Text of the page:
A study published in the American Heart Association journal Circulati suggests smoking in front of children may increase their chances of developing dangerous carotid plaque later in adulthood.
For the study, researchers used data gathered on Finnish children between 1980 and 1983, and were able to identify which children grew up in smoking households by noting the amount of cotinine that had been found in their blood samples. (Exposure to smoke increases the presence of cotinine in the blood.)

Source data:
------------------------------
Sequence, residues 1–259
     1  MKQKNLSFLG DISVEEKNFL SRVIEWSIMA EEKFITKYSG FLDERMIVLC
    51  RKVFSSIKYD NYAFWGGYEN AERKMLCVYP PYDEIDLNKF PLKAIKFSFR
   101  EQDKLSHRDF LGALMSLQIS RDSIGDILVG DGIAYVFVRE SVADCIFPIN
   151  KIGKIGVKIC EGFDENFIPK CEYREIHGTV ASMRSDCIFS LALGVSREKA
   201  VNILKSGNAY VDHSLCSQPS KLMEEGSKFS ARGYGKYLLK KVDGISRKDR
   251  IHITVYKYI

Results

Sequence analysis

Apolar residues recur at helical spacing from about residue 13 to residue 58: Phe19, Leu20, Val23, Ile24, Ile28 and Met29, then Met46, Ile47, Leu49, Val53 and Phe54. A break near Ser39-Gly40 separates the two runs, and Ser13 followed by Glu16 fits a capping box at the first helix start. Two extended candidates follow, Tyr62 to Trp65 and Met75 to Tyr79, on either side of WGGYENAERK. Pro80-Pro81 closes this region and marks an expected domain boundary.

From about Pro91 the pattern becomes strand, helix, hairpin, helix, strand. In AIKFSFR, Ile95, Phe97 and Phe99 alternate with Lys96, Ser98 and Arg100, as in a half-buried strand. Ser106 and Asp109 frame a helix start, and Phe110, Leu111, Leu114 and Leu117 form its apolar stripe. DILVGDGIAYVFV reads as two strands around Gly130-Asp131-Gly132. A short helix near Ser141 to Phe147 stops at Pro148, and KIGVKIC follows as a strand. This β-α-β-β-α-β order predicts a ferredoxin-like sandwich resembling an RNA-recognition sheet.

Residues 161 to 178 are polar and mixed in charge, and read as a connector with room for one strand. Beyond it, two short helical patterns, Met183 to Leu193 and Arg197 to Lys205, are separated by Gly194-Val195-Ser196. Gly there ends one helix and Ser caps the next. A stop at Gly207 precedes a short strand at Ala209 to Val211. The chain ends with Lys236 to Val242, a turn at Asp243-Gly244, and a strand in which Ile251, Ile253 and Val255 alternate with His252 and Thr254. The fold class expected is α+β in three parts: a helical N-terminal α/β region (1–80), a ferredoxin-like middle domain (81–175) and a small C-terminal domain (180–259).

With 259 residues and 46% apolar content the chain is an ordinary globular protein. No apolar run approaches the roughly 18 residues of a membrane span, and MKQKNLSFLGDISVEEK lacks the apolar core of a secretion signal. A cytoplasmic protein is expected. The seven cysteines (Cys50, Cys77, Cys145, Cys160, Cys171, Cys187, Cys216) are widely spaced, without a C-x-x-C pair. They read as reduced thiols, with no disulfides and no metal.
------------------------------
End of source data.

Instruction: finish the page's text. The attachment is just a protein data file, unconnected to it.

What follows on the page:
They then correlated this with examinations of the carotid artery conducted on those same — but now fully grown — individuals between 2001 and 2007.
They concluded from this that participants who had one or two parental smokers had an almost two times (1.7 times) greater risk of developing carotid plaque in adulthood compared with participants whose parents did not smoke, regardless of other factors.
The buildup of plaque can lead to the narrowing of the carotid arteries, which is linked to strokes.
The study’s findings add to the mounting evidence that exposure to smoking from parents has lasting effects on children’s physical health later in life, reports Science Daily.